Progressivism in Urdu literature: In conversation with Rakshanda Jalil2 min read
MANIPAL: An interactive session was hosted by Dr. TMA Pai Chair in Indian Literature with writer and scholar of Urdu literature, Dr. Rakhshanda Jalil on February 21, at Gangubai Hangal Auditorium of Manipal Centre of Humanities (MCH). Dr. Nikhil Govind, Head of the centre, moderated the event.
A writer in residence at Manipal Academy of Higher Education, Dr. Rakhshanda discussed The Progressive Writers’ association and the varied formulation of Progressivism and Modernism in Urdu literature.
“Progressive writing is a style of writing which steadfastly looks ahead rather than looking back and glorifying the imaginary past, which progressive writers consider a regressive kind of writing,” said the writer, elucidating on the idea of Progressivism.
Tracing the journey of the Progressive Writers’ Movement which began in 1936, she reminisced Munshi Premchand and his inaugural address where he states ‘hame khubsoorti ka meyar badalna hoga’ (we have to change the standard of beauty) and urges young writers to consider the women who struggle, sweat, and work in fields, as a fit subject to the realm of literature.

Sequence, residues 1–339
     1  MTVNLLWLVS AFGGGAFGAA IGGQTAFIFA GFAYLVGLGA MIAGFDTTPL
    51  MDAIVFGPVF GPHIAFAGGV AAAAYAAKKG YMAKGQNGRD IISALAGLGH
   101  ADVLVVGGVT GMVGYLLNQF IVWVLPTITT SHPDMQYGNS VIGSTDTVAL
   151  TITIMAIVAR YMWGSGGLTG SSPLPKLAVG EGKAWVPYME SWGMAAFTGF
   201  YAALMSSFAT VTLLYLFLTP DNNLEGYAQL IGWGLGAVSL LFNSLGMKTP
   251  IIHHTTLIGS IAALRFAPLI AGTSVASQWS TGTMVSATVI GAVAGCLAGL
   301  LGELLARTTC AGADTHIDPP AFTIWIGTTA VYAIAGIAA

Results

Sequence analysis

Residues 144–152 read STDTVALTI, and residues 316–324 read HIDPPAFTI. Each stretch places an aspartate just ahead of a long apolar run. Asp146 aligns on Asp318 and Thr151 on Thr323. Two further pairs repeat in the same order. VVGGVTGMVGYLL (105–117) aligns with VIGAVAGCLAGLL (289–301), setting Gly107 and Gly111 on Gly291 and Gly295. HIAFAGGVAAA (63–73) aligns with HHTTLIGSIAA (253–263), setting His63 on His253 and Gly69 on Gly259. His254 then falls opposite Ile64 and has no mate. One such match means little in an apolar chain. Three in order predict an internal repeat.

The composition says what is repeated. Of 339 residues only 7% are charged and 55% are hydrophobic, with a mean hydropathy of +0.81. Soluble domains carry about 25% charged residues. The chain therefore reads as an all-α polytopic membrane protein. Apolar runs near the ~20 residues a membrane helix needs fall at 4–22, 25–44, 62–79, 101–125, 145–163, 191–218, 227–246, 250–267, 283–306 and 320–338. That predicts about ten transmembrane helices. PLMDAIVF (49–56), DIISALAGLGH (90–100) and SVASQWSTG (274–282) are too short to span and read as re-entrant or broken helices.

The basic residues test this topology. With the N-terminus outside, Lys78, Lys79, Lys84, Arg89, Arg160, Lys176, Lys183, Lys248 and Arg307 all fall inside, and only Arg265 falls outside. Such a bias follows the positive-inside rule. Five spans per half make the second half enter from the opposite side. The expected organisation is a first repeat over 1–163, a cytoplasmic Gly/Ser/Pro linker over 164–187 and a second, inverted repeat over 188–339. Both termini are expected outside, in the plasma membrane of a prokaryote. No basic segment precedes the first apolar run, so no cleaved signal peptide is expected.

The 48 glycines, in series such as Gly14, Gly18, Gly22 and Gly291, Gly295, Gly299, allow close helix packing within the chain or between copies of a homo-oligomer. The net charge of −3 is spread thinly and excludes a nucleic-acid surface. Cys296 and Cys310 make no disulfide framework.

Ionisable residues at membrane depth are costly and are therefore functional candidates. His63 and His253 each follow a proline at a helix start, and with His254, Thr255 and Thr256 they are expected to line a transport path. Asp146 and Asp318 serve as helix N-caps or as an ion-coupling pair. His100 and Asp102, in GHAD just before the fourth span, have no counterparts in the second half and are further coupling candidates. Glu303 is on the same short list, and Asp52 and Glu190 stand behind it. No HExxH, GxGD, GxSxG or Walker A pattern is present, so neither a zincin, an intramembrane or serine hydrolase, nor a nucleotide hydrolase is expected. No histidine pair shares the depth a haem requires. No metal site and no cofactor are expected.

Passionately voicing the ideas of Progressivism, Dr. Rakhshanda put forth her view asserting Progressivism as not merely a literary but also a cultural, political and social movement. A Progressive person sees life as an evolution and is willing to move toward the next step from the point of view of the greater good, the social good.
Addressing the gathering of students and faculty members, she shed light upon the history of The Progressive Writers’ movement, breakthrough writers such as Saadat Hasan Manto and Ismat Chughai, and the idea of Progressivism. The house was then, open for questions and the interaction led to a wide spectrum of ideas dealing with concepts such as translation and literacy, writings of Modernism in Urdu, Progressive agendas, clash of ideas between Manto and The Progressive Writers’ movement among and a lot more.
“Rakhshanda Jalil is a realistic speaker and she has the ability to gather the crowd and keep them engaged in her words. The session was very interactive and students, as well as faculty, were keen to absorb Rakshanda’s thoughts on various aspects,” said Shruthi Bangera, a student of MCH and one of the attendees.
Featured Image Courtesy: Divayansh Bargotra
Edited by: Drishti Sanyal